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Steve Heasley’s children extend his legacy of serving the community

Steve Heasley and his daughter, Michelle, coach a gymnast June 7, 2023, at Butler Gymnastics Club on Evans City Road in Butler. Justin Guido/Butler Eagle

BUTLER TWP — Athletics proved more than just fun to Steve Heasley.

They shaped his life — and he made sure his children used a similar tool to shape theirs.

Heasley was a gymnast at Butler High School who went on to compete in the sport at Slippery Rock University. He quickly got into coaching young gymnasts and joined a high school friend, former University of Pittsburgh gymnast Rich Pribis, in opening a gymnastics gym in Butler.

A father’s framework

BUTLER TWP — Athletics proved more than just fun to Steve Heasley.

They shaped his life — and he made sure his children used a similar tool to shape theirs.

Heasley was a gymnast at Butler High School who went on to compete in the sport at Slippery Rock University. He quickly got into coaching young gymnasts and joined a high school friend, former University of Pittsburgh gymnast Rich Pribis, in opening a gymnastics gym in Butler.

“My experience in the sport, everything I learned from coaches, were always positive experiences for me,” Heasley said. “It didn’t take me long to realize I wanted to give back.

“I wanted to coach, teach kids, give them the same positive experiences I received.”

When he got married and had children of his own, he wanted his kids to experience the benefit of athletics as well.

Steve Heasley, second from left, shares a moment with his children, from left, Phil, Michelle and Stephen. Submitted photo

“It didn’t have to be gymnastics,” he emphasized. “I never pushed them that way. But I wanted them involved in athletics in some way.”

All three of his children — Stephen, Michelle and Phil — started out as youth gymnasts. Stephen, now 45, wound up playing soccer and became a diver at Butler High School. He then became the No. 1 diver for Duke University.

Michelle, now 43, also became a diver for Butler. She was an accomplished gymnast as well — becoming the state champion on bars in Level 6 at age 15 — and she was a cheerleader.

Phil, now 32, wound up playing football and did track and field.

Steve Heasley, center, and his children, from left, Phil and Michelle, work at Butler Gymnastics Club on Evans City Road in Butler. Justin Guido/Butler Eagle

Their adult lives have taken them in different directions. They’ve taken common elements with them — characteristics and traits of their father.

Stephen recently returned from Australia, where he spent several years working in publishing. He’s moved around a bit, working as a publisher in heath sciences, developing product strategies for education.

Steve Heasley’s gym first opened in 1974 with 60 kids. Now known as the Butler Gymnastics Club — in the same location since 1994 — it houses about 430 kids.

“I come from a family of teachers and coaches, especially my father,” Stephen said. “That instilled in me the desire to work in education. I worked at the (Butler Gymnastics) Club for a while. I helped build the rock-climbing wall that’s in there.

Steve Heasley, center, and his children, from left, Phil and Michelle, work at Butler Gymnastics Club on Evans City Road in Butler. Justin Guido/Butler Eagle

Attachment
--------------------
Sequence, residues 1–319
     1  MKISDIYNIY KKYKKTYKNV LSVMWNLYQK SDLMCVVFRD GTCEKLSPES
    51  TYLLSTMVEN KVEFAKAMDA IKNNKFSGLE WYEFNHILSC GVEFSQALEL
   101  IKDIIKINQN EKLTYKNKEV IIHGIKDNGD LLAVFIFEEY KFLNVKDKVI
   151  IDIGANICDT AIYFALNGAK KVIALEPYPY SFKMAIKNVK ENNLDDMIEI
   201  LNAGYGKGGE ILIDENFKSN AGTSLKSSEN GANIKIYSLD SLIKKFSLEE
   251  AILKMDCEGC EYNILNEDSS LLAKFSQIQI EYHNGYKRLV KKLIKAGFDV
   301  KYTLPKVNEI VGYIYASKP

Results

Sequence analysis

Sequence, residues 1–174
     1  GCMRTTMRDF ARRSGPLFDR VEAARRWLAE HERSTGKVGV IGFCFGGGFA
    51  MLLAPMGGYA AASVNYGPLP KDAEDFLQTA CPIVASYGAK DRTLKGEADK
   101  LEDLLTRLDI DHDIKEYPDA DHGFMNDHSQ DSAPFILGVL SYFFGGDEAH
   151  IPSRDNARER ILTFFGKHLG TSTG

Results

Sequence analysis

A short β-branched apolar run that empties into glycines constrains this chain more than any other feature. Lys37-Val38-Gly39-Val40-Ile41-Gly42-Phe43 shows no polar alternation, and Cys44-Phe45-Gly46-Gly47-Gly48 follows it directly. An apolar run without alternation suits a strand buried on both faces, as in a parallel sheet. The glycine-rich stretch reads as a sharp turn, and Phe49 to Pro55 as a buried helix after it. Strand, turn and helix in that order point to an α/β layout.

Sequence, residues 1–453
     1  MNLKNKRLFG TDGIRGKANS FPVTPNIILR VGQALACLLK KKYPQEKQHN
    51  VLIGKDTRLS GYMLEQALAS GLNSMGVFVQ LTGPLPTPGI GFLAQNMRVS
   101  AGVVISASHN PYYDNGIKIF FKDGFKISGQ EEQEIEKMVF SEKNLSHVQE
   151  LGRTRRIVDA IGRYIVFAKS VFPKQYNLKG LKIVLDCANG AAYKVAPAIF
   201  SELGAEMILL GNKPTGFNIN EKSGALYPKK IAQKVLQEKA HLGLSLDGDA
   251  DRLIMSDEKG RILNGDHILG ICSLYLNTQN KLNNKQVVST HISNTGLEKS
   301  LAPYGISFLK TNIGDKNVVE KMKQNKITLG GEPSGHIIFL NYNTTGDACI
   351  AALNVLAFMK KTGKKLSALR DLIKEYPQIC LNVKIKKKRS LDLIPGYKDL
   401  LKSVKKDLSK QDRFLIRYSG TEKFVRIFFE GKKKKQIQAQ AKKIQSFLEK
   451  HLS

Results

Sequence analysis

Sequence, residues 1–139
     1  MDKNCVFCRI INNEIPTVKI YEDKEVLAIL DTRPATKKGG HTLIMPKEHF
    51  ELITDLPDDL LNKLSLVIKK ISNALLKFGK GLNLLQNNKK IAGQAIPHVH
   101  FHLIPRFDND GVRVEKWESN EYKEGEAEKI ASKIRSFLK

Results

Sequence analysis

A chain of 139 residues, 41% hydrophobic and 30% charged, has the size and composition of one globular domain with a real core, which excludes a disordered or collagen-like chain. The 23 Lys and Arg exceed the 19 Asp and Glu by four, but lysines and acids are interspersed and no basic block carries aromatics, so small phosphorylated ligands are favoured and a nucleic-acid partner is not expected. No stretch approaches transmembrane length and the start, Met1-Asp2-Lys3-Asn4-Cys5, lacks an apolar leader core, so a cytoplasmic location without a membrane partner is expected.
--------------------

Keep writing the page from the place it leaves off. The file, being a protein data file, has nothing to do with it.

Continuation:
“My philosophical fundamentals in life, I got from my father,” Stephen said. I got his self-discipline, too.”

“Stephen went down a different path,” Heasley said. “I’m proud he had the courage to do that.”

Heasley’s daughter went down the same path as her father. Heasley was a longtime schoolteacher in Butler. He’d teach during the day, come over to the gym after school and work with the children there during evenings.

Michelle has been working at the gym since she was 15. She oversees all of the coaches there now. She’s been a teacher in the Butler Area School District for 16 years now, and she is also the mother of three small children, including twins.

“Dad has done so much for kids here,” Michelle said of the gym. “We’ve sent 20 gymnasts on to college with scholarships, and that’s a lot for this sport. It was important to me to continue his legacy. I grew up seeing how dedicated he was. Now I’m doing the same.

“I teach. I come here … just like he did. I love working with kids. No doubt, I got that from him. Also having three kids under the age of 5, it’s exhausting. Exhausting, but well worth it.”

Heasley emphasized his children did not have to carry on any legacy or feel any need to do so, “but I’m thrilled that they are.”

Phil also works at the gym, doing administrative work behind a desk. He’s also a school board member and is interested in building a career in public service.

“That came from my father, definitely,” Phil said. “He’s a selfless person who gave hours and hours of his time to serving the community through teaching and coaching. Though in a different element, I want to serve the community as well.

“My father has spent most of his life helping others. I want to do the same. We all do. The work ethic he instilled in us will last our lifetimes.”

Heasley was always involved in his children’s lives when they were young. He was assistant scoutmaster when his sons were in the Boy Scouts. He coached his daughter in gymnastics. He helped coach his kids in other youth sports.

“There was a time in high school when my father was my homeroom teacher, my history teacher, then my dad,” Stephen said. “He knew how to separate all of those things. I wouldn’t have had it any other way.

“He’s been a role model for so many kids beyond his own.”

When done talking about her father at the gym, Michelle had to hurry out.

She had to get her children to T-ball.

“The cycle goes on and on,” she said, smiling.

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